A Sermon by William Wilson
John 15:7. If ye abide in Me, and My words abide in you, ye shall ask what ye will and it shall be done unto you.
Here is a most precious and cheering promise, and no less sure than it is precious, for He who uttered it hath all power given to Him in heaven and in earth and is able without fail to accomplish whatever He hath purposed. He who uttered it is the faithful and true witness, in so much that heaven and earth shall pass away but one jot or tittle of His word shall not fall to the ground till all be fulfilled. He who uttered it is the same who hath proved His goodwill to men by evidence the most incontestible. He hath already given unto them a gift so infinitely great that the bestowal of whatever else can enter into the heart of man to conceive would be but small in comparison. He hath not withheld Himself, and consequently will not withhold His infinite fulness. “Ye shall ask what ye will and it shall be done unto you.” Here is a promise including all that the heart can desire, He who cannot lie giving a pledge that every wish shall be gratified for the asking. Here is no room for ungratified desire for the restless craving that cannot be satisfied. Let there be but the putting forth of the request and this shall be followed up by the putting forth of the Almighty arm to gratify it. The limitation is put, not on the divine will, but on the human. If a man will, it shall be done. God’s will is commensurate, in its outgoings of fulfilment towards man, with that man’s will; so that what he asks and desires shall be done, and what he does not ask or desire shall remain unaccomplished.
But here another truth is suggested which it is most important to consider. When we look to the nature of man as delineated in the Bible, it becomes perfectly certain that he would never – of his own unaided, undirected will – desire anything at all from God. And so, in point of fact, this promise, large and liberal as it is, is reduced to a nonentity, not from any defect in the power and the willingness of God to accomplish, but solely on account of a total lack of inclination on the part of man to desire and to ask. He is alienated in all his affections from God; he is not able to come nigh but must be brought nigh. His will is not to receive aught from God, but to remain widely separate from Him and to achieve his desires by his own energy. It is God who worketh in us to make us willing.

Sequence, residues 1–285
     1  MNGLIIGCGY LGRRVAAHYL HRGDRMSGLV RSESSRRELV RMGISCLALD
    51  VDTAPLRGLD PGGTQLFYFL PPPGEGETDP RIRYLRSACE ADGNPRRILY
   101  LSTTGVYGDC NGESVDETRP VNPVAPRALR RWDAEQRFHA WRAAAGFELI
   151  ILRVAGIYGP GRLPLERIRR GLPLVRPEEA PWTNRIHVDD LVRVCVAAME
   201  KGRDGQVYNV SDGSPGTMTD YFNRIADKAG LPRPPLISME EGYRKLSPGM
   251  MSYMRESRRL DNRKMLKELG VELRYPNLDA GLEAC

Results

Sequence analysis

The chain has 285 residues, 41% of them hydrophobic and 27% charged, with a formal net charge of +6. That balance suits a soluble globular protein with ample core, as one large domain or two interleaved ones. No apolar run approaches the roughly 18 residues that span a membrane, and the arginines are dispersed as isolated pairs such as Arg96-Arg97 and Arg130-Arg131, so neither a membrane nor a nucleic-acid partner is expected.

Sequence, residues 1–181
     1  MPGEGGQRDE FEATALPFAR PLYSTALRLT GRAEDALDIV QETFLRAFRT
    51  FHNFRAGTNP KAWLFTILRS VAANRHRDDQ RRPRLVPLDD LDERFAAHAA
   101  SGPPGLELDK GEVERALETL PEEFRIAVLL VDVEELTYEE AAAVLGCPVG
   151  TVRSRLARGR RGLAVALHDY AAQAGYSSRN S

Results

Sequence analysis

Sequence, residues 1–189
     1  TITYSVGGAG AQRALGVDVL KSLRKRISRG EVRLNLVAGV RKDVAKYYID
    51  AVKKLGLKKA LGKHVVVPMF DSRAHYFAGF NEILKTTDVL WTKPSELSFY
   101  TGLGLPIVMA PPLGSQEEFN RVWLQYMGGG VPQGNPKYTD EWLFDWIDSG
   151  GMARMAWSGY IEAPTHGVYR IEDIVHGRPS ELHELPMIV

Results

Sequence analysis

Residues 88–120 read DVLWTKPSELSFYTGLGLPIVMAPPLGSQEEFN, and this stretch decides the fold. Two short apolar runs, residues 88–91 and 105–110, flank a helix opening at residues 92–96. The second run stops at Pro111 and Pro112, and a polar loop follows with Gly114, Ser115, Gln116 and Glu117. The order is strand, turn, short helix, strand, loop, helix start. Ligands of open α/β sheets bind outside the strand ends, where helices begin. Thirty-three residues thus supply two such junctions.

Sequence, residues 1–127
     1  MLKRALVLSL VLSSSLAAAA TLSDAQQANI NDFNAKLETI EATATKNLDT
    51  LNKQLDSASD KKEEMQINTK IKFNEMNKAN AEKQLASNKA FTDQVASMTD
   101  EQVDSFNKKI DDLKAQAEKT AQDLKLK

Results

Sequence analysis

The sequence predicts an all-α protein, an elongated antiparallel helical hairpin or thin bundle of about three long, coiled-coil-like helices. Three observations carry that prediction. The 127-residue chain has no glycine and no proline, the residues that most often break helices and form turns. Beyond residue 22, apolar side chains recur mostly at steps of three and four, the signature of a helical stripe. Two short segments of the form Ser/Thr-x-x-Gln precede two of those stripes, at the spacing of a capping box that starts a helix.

And observe, I pray you, that if we contemplate the depravity of man apart from the agency of the Spirit, the promise of the text is reduced to nothing. If we contemplate it in connection with this doctrine, the promise receives an infinite enlargement. Suppose man is not so depraved as all are by nature, that he is capable of some outgoings of desire to God, that his unaided will should teach his lips the language of prayer, how very small a thing this promise would amount to after all! Some half-formed wish might find its appropriate utterance, and then the accomplishment might come from God. But what a mass of ignorance would the will have to contend against, what contradictions there would be between the desire of yesterday and that of today! Man in this situation would be in a state of constant change without progress, of instant gratification of desire without happiness.